I find food tech fascinating – especially the products and solutions that have a shot at fixing a real problem in our food system. Tackling issues like food waste, food insecurity, nutrition, and accessibility, technology can give us the tools to change habits and systems.
But, I admit I haven’t always adopted tech in my own home that has made a huge change in our own food habits outside of our beloved sous vide, and nothing that stuck when it came to food waste. With growing kids, our grocery bills keep increasing, but I throw out more food on busy weeks than I’d ever like to admit.
Composting at home has never been an easy or…neat endeavor; we’ve tried several times, using smaller receptacles to collect food scraps to bring out to a larger pile. But no matter what, we abandoned our efforts for lack of time and patience. One year, we even subscribed to a service that would drop off nutrient-dense compost soil for us to use in our vegetable garden. We paid someone for THEIR broken-down food scraps — and it turns out, nutrient-rich, locally harvested, hand-delivered compost is not cheap.
“I just want a Keurig machine….but instead of K-cups, you put all your food scraps in and that’s it!” I complained to my family.
Cut to me coming across an article last summer on the new Lomi food composter – made by sustainable tech company Pela and pre-ordering one. Several months later, this showed up on my doorstep:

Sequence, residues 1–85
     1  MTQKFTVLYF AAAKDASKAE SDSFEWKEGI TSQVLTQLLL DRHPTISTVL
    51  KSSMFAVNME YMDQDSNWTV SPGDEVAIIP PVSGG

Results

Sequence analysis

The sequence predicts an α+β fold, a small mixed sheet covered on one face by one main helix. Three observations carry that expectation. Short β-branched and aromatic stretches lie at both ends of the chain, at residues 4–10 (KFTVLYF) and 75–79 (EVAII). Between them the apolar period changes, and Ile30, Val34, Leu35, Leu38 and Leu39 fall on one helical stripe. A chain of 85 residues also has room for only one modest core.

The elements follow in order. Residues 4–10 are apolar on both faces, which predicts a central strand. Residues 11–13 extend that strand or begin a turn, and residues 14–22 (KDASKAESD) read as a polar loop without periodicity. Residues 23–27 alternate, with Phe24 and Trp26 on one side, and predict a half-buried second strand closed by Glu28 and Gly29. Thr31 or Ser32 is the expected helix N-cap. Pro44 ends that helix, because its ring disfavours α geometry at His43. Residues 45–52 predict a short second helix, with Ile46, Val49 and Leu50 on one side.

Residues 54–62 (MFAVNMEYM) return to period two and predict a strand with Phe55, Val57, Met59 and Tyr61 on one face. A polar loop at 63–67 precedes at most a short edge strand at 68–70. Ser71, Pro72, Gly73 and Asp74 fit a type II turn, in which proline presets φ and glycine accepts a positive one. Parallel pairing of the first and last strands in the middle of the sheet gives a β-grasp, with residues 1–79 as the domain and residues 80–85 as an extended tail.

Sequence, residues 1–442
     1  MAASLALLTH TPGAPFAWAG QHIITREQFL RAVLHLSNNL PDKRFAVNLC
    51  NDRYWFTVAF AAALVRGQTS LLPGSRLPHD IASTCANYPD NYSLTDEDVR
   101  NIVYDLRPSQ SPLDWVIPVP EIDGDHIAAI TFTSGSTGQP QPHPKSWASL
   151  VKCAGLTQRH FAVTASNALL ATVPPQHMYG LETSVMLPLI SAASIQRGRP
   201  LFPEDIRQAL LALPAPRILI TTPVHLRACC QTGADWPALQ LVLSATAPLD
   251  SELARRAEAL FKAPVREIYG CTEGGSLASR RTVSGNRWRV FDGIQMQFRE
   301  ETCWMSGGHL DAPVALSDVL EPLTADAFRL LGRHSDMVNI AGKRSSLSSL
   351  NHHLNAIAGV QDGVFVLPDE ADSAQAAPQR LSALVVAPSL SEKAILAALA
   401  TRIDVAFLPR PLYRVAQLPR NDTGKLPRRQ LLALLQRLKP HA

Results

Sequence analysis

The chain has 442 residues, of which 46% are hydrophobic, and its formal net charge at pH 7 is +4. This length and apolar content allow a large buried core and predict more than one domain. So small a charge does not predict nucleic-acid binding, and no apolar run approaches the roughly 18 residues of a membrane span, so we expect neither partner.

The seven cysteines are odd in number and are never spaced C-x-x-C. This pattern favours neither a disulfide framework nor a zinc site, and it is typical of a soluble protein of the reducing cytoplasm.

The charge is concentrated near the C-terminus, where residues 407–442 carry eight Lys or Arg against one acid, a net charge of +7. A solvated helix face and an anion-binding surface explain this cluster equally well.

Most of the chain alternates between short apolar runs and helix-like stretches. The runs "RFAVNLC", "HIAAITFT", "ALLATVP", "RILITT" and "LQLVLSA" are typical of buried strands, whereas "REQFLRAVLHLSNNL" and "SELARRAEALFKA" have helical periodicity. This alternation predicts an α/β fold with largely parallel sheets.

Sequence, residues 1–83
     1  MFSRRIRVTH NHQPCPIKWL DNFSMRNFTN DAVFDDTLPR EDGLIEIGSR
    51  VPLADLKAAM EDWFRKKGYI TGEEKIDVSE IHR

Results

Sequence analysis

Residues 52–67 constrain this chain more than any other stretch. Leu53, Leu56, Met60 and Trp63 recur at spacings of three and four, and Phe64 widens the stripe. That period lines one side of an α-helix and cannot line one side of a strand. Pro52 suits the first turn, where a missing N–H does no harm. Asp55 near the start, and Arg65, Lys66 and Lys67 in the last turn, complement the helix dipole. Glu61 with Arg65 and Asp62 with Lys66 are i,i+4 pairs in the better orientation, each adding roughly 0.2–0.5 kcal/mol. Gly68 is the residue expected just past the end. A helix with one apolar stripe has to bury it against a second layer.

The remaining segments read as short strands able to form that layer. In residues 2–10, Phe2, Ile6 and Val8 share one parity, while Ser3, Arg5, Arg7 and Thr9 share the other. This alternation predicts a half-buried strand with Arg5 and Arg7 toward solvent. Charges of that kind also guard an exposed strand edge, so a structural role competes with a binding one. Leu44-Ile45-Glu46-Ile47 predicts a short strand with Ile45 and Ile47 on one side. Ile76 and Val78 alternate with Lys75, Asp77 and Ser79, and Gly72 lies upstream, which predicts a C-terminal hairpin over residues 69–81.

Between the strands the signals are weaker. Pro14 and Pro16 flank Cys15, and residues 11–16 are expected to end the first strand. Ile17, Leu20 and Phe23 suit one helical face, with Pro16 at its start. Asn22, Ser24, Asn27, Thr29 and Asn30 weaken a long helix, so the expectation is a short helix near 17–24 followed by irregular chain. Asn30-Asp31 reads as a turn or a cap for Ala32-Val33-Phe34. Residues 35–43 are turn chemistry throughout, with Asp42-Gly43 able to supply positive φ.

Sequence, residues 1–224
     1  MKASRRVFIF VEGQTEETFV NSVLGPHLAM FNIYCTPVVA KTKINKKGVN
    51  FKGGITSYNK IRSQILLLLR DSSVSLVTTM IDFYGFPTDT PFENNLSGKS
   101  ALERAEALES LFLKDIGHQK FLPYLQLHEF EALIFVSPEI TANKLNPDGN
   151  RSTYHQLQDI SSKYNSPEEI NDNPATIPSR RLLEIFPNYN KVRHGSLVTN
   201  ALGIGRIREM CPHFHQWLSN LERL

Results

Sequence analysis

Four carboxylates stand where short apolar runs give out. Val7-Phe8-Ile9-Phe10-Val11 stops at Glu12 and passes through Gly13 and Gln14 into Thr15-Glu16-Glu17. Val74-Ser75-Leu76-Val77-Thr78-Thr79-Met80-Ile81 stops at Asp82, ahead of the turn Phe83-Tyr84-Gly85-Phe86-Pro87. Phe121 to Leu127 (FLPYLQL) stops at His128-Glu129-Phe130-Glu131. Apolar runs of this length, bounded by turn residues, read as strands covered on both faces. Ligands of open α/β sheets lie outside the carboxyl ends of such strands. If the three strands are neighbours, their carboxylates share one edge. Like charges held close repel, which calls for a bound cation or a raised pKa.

The Lomi is meant to be a smart kitchen countertop device, and it takes up a bit less space than a KitchenAid mixer, so we’ve made room for it on the counter above our trash and recycling. It is designed to be a mostly “set it and forget it” appliance, not requiring hand stirring like traditional home compost piles. Reviews rave about how quiet the machine is as it churns waste into nutrient-rich fertilizer in less than a day (and regular dirt in just 3 hours.)
The machine also ships with LomiPods, small bioorganic tabs that Lomi recommends using as an accelerator, especially if the compost will be used as a soil enhancer in a garden or landscaping. The pods are placed right on top before a cycle is run with 50 mL of water.
With seemingly easy instructions for regular operation and daily use only involves learning what can and can not be tossed in for composting, we plan to have our nine and four-year-old kids learn alongside us. We’re expanding our vegetable garden this spring and summer, too, so they’ll be able to see how the food we eat can be used to grow even more food.
One aspect of the Lomi I’m excited about is it’s the first traditional compost or dehydrator appliance to accept some bioplastics, including compostable plates and bioplastic utensils (a full list of approved items can be found here.) This is a cool feature and gives us another reason to stick to a composting habit. I also think this feature may encourage Lomi households to purchase more biodegradable household goods now that they have a more direct method to discard the materials.
We are already using our Lomi and will have a full review up with videos in a few weeks – stay tuned.